“That was a pivotal experience,” says DeJaeghere, who grew up on a farm in western Minnesota. She had started asking questions about inequalities while studying international relations as an undergraduate. “The trip allowed me to return to questions of development and what education can do to address inequalities.”

The experience also sparked DeJaeghere’s thinking about how to make graduate education more connected to problems and projects. As she completed her doctorate, started a family, and continued to teach and work for international organizations, she applied for grants in collaboration with Chapman and other colleagues that allowed her to test research questions. Many of those grants also provided learning experiences for graduate students. In 2007 DeJaeghere was hired into a CIDE faculty position.

“I am trying to bring together the areas of international education and international development education in my work,” she explains. “How could we bring a grant program into the classroom, and the classroom to a grant program?”

After leading a three-year research project in eight countries for CARE, a humanitarian organization dedicated to women and girls’ empowerment around the world, DeJaeghere was approached by the MasterCard Foundation Canada to write a proposal, this time to conduct a six-year evaluation of a youth-livelihoods initiative in eastern Africa.

A 10-person research team sits in the shade around an outdoor table as one of them speaks.
Learn, Earn, and Save: In Tanzania, a Paraguayan youth development organization’s research team debriefed. Joan DeJaeghere is seated at the far end on the right; next to her, Laura Willemsen; center left, Nelson Masanche Nkhoma. Photo courtesy of Joan DeJaeghere.

In 2011, DeJaeghere and Chapman won the $3.4 million grant. It is a project that does what DeJaeghere envisioned: brings a research and development program into the classroom and the classroom to the field. Now in its fourth year, more than 50 graduate students in CIDE and other graduate programs have gained experience evaluating the work of three foreign youth development organizations working in Kenya, Tanzania, and Uganda.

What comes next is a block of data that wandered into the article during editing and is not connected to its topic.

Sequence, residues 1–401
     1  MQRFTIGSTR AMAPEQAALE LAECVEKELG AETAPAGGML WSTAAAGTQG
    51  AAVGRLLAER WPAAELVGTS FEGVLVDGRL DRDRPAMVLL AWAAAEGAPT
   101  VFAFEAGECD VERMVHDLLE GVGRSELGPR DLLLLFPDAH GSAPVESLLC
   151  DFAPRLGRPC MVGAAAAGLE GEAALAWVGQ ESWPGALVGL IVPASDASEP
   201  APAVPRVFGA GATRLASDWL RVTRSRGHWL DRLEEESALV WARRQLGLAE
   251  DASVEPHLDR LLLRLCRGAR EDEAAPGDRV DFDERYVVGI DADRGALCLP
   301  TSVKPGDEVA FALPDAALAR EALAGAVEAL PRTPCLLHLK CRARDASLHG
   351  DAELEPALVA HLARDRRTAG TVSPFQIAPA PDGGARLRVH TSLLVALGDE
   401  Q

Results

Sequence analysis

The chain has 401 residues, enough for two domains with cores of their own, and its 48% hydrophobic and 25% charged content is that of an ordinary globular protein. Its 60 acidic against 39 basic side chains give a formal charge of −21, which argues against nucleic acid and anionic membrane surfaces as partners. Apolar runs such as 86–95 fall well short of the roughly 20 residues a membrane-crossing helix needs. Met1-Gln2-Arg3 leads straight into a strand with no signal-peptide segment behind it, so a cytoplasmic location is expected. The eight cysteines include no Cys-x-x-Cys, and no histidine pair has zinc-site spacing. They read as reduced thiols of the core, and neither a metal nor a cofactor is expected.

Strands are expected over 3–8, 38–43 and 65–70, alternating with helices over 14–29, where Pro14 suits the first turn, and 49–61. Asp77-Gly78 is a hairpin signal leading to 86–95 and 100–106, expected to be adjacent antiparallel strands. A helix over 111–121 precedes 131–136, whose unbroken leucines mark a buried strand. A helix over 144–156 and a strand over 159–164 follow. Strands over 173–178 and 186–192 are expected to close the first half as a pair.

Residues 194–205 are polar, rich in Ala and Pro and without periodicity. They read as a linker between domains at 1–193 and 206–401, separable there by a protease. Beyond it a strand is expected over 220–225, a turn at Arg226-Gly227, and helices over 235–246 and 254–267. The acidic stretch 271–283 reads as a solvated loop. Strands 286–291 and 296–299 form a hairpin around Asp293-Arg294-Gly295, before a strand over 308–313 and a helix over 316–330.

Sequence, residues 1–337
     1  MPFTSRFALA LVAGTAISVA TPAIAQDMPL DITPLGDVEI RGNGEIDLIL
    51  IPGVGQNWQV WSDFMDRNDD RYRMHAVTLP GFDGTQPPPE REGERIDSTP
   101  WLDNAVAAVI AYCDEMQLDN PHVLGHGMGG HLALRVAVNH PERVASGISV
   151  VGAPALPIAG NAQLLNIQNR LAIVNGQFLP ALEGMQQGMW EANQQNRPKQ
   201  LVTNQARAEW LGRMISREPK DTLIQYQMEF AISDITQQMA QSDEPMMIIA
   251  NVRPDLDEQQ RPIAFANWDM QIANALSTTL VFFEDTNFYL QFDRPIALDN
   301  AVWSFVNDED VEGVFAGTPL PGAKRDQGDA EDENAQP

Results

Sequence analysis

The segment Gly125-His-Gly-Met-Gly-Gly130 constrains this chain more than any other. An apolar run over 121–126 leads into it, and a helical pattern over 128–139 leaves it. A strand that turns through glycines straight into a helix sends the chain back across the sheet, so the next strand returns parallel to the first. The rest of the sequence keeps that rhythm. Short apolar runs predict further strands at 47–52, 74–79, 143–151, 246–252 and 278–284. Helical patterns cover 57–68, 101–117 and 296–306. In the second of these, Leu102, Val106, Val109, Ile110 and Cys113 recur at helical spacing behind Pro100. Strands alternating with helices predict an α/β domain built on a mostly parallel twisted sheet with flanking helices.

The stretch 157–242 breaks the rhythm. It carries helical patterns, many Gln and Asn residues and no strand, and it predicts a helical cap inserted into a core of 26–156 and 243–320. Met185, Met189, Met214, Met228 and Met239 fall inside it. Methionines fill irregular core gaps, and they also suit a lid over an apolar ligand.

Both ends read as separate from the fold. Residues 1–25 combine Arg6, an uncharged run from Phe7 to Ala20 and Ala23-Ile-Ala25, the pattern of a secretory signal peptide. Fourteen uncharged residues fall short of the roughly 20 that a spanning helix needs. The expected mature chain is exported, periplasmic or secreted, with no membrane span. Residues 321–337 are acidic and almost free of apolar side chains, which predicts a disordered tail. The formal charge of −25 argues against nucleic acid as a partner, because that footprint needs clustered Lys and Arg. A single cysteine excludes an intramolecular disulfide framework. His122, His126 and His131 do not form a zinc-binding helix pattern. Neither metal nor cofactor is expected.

Nelson Masanche Nkhoma of Malawi and Laura Willemsen originally of Austin, Minnesota, are doctoral students who have traveled for three consecutive summers on the MasterCard Foundation Learn, Earn, and Save initiative. In Tanzania, they have worked with a Paraguayan foundation’s research team to conduct interviews with youth and stakeholders, to train local data collectors, and to analyze data. Before and after each trip, they prepare intensively on campus, working with the other teams going to Uganda and Kenya.

“It’s like a mini United Nations,” says Nkhoma, naming nationalities of other students on the project—Turkey, Egypt, Zambia, and many more. “It’s diverse but also a closely knit program.”

“There’s constant learning from each other—that’s a transformative piece,” says Willemsen. “Our Tanzanian colleagues call the team a family now.”

This year the team received some welcome news. A USAID report identified the evaluation assessment instruments developed and used in the Learn, Earn, and Save Initiative among the top five in a national search and review of measuring instruments relevant to youth education and livelihoods.

Meanwhile, DeJaeghere is looking ahead. She doesn’t let funding drive her research, she says, but takes those opportunities that let her pursue a question.

“The bigger question for me is ‘How is education changing youths’ lives?’” she says. “For example, it may be teaching people to be workers, but what is it doing for them as individuals, as citizens?” That is the topic of her book in progress.

Intercultural is local

Gopher football players Cameron Botticelli and Donnell Kirkwood did not imagine they would help to prepare a multicultural meal —with origins in Singapore—when they registered last fall for OLPD 5132, Intercultural Education and Training.

“We thought the class would be about diversity here in the U.S.,” says Botticelli.